My softest model (NJZ-1) is definitely not so soft as a marimba mallet COULD be – not only because I personally do not enjoy that “killing me softly” sound, but also because I believe that the softest mallet should do MORE than just hit and produce a few endlessly soft notes (but besides that be absolutely useless). What I wish to say is, with my model no.1 you can actually play marimba in many different situations. Model NJZ-2 is a bit clearer in sound, still good for nice rolls, but with a distinguished touch.

On the “hard side” of the sound, I also have put a border line earlier than most other mallets that I have checked. You will be able to find many HARDER models than my hardest one (NJZ-7) because I no longer enjoy playing marimba at triple forte in a concert and feeling PAIN in my ears. My “hardest” model, NJZ-7 will have more BODY and a RICHER sound than any other mallet I know of, and will still cut through the orchestra in ANY hall, without hurting anyone. This way I will have no limit in terms of the power of my performances, except those of my own physical condition :-). NJZ-6 is also in this “sharp/cutting” group, but it is a little less hard.
I love NJZ-6 in strong movements with orchestra – for example, the 3rd movement of my second marimba concerto. However, for the very ending of that movement I would switch after the cadenza to NJZ-7.

Now to the most important and most often used group of mallets: GENERAL (medium group). For me it is important to have MORE SOUND OPTIONS with FINE NUANCES in that all-important “medium” range. My models NJZ-3, NJZ-4 and NJZ-5 are three general models that I believe will satisfy anyone’s needs. Model NJZ-3 is a general but tender mallet, that will be very good for the slightly softer side of the general sound. It also can be combined easily as a bass mallet in combination with model NJZ-4. It is heavy and strong enough to get a good sound from ALL registers, but not too heavy – so it can be used in fast runs and powerful single/combined lines as well.
However, in most cases I would spontaneously first pick the model NJZ-4 from my mallet bag before I listen to see if any mallet changes are needed due to hall and acoustic circumstances etc…
NJZ-4 is just slightly harder than NJZ-3 and it is THE general mallet for me when using a 5-octave instrument in solo performance. (If you are an orchestral player that plays marimba in the percussion section for a contemporary orchestral piece, I would recommend to first try NJZ-5) I always try NJZ-4 for ULTIMATUM and ILIJAS first, and than decide if I have to switch to NJZ-5 or to combine NJZ-3/4 or NJZ-4/5. Btw, my mallet combination for those two pieces is mostly 4-4-4-4, or 3-4-4-4 or 4-5-5-5.

NJZ-5, – the hardest from the “GENERAL” group, has a clear sound and carries very well through large halls – but it also produces a clear FUNDAMENTAL (and not only the overtones as most other “medium-hard” mallets do).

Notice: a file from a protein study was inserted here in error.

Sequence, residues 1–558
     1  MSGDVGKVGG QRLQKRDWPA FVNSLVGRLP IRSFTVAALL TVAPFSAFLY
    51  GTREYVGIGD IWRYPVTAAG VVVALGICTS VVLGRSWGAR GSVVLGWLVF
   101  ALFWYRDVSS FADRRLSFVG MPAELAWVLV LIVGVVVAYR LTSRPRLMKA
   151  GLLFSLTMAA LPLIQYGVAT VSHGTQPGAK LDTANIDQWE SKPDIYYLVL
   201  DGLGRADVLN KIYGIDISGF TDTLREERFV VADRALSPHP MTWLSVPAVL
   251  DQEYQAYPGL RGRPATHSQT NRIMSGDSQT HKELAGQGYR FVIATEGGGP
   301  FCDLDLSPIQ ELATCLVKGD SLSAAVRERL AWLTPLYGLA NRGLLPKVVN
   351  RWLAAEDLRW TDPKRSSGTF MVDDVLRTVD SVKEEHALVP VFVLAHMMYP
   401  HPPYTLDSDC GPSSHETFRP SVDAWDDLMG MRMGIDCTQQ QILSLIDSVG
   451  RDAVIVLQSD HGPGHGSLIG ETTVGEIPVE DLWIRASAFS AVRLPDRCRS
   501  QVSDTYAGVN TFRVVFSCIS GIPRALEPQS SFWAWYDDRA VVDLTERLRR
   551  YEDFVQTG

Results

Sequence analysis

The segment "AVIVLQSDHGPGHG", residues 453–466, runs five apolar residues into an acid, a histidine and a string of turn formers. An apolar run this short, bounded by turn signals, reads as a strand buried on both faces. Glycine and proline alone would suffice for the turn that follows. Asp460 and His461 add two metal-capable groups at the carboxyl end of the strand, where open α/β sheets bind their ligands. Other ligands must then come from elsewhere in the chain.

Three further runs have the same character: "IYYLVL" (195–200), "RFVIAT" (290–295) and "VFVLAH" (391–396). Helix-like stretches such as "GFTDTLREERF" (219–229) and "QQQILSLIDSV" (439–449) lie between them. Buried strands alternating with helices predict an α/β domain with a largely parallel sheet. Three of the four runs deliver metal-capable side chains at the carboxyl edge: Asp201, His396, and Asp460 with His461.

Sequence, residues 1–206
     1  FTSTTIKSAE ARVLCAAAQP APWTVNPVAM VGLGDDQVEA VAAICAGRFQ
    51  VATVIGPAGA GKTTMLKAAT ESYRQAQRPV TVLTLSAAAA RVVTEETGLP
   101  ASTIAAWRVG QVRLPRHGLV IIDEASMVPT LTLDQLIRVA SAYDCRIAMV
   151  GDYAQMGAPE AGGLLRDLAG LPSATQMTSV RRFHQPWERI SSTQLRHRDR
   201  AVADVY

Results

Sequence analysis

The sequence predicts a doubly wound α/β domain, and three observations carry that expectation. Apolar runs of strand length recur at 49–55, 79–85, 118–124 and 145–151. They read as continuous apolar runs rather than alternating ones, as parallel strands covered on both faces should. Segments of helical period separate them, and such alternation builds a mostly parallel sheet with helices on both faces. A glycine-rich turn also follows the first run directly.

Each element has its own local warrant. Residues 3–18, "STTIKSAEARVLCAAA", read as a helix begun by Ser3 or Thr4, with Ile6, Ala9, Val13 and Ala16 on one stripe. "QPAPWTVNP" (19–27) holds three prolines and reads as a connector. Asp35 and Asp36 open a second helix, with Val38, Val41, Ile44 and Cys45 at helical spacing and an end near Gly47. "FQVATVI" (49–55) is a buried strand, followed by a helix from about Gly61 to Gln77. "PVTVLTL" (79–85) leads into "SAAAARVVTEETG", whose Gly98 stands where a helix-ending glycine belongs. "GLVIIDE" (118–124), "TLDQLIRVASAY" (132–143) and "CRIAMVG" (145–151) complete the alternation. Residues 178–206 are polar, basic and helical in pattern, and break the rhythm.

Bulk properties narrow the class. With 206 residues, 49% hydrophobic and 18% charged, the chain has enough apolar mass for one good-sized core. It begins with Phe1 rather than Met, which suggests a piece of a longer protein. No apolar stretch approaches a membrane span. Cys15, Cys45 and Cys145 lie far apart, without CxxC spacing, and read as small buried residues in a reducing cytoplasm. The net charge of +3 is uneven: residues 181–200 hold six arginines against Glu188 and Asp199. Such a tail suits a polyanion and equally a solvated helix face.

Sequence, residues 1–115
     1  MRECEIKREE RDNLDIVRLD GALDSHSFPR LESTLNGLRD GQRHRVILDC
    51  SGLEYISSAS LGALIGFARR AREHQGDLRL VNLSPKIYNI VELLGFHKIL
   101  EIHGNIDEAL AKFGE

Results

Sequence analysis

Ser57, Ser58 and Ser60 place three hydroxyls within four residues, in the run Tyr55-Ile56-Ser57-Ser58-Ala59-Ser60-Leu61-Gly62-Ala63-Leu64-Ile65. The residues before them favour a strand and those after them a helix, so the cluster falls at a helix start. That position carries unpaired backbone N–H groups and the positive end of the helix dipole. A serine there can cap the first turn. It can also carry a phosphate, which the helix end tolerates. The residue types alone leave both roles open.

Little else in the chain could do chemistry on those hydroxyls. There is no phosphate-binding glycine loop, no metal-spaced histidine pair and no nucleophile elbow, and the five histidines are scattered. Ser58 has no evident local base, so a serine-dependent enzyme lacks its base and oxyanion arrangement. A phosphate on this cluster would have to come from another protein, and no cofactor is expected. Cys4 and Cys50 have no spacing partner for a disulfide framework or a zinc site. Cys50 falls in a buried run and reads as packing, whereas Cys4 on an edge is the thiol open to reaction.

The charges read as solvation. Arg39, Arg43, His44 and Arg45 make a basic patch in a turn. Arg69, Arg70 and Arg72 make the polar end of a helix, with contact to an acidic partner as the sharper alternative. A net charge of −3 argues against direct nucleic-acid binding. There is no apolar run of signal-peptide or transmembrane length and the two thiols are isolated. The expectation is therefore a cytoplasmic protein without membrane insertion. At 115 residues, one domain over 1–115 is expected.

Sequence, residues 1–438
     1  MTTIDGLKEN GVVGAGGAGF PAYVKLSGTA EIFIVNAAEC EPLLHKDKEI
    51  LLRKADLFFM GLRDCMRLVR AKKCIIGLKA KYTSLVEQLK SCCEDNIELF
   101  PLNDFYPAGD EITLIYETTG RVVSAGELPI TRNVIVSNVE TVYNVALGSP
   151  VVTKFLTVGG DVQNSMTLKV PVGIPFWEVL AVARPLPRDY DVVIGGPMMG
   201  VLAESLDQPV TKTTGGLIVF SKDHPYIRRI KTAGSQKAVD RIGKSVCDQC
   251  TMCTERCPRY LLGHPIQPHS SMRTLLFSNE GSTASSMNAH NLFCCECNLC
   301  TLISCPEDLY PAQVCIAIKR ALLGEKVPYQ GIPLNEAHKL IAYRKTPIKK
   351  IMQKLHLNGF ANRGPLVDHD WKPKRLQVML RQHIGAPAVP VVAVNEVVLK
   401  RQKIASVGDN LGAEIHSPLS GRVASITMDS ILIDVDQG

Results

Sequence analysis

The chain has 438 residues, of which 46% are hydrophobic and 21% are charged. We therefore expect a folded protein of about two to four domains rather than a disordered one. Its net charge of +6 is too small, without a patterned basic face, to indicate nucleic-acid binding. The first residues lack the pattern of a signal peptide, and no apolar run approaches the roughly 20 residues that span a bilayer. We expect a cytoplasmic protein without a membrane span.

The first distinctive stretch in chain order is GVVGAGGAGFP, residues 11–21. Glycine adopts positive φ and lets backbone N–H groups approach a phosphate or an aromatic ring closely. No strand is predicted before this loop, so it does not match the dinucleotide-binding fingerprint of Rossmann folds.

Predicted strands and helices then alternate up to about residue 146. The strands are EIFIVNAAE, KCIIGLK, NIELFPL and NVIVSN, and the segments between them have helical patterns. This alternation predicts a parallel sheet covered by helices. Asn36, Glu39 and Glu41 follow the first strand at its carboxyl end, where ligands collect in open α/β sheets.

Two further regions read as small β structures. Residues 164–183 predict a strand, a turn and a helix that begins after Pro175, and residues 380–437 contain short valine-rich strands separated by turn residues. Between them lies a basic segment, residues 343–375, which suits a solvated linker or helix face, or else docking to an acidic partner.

I love playing contemporary Japanese (and similar non-Japanese) pieces with them.

ALSO , model NJZ-8MT is for music where soft rolls as well as hard runs and sfz accents are requested, like in many contemporary pieces. There is worth trying my NJZ-8MT MULTITONE.
This multi tone will NOT be too soft in piano and also will NOT be too hard in fortissimo. and best of all, in difference to most other “multi tone ” and “two -tone” mallets I have experienced during my education, this one will NOT became STONE-HARD-ONE-TONE after one month of intensive playing…. (this, along with a poor sound quality due to light heads, is the problem nr.1 with all two-tone mallets)

Well, hopefully this was enough explanation. I purposely did not include the weights and measurements of the mallets. Those who love them do not need the measurements, and those who DARE (hee, hee) to try to copy my mallets will measure everything by themselves anyhow.

Please see the mallet chart below for a short overview.

Nebojsa Zivkovic signature mallets chart:

Model Nr.

Name & Color Description / Usage
NJZ-1 Earthy Black Soft rolls and lines in lower register, full-bodied sound, tender but always clear and never too moody.
This is NOT a choral-cloudy mallet
NJZ-2 Ocean Deep Blue Same group as the nr.1 model, but with more distinguished touch, slightly clearer projection. Fits well as a top line mallet in combination with model nr.1
NJZ-3 Lilac Tender General Of my 3 GENERAL models this is the tender one. Ideal for strong, resonant sound, but still without any harshness.
Produce clear lines and still deliver beautiful rolled chords.
NJZ-4 Blue Strong General Nr.4 is the standard mallet for general performance that covers all registers of the instrument and produce strong, clear and powerful sound.
NJZ-5 Sky Blue General Clear Cut Never too hard, but always VERY CLEAR and strong, ideal for strong contemporary and expressive performance, still some tenderness in piano, very good with orchestra.
NJZ-6 Silver Sharp Prefer the HARD side of the sound? This is your mallet than. Head still enough big to pull out all fundamentals and bring them to the last row in any concert hall.
NJZ-7 Canary Cut Through It is always a challenge to get a strong, cutting edge sound that has volume, some grease, and the ability to cut through the accompanying ensemble or orchestra.
NJZ-7 does that!
NJZ-8MT Sky white This is the best mallet for contemporary pieces where soft rolls and hard intensive strokes are requested. Release one year later than all other models because it took LOOONG time to made what I was looking for. This mallet will NOT be "stone hard" after 4 weeks and will NOT be "ultra soft" in piano.. It is mallet for GENERAL performance that fits tender rolls and, - from FORTE above - also get hard accents. soft like my NJZ-2 and hard like NJZ-6. Check it out!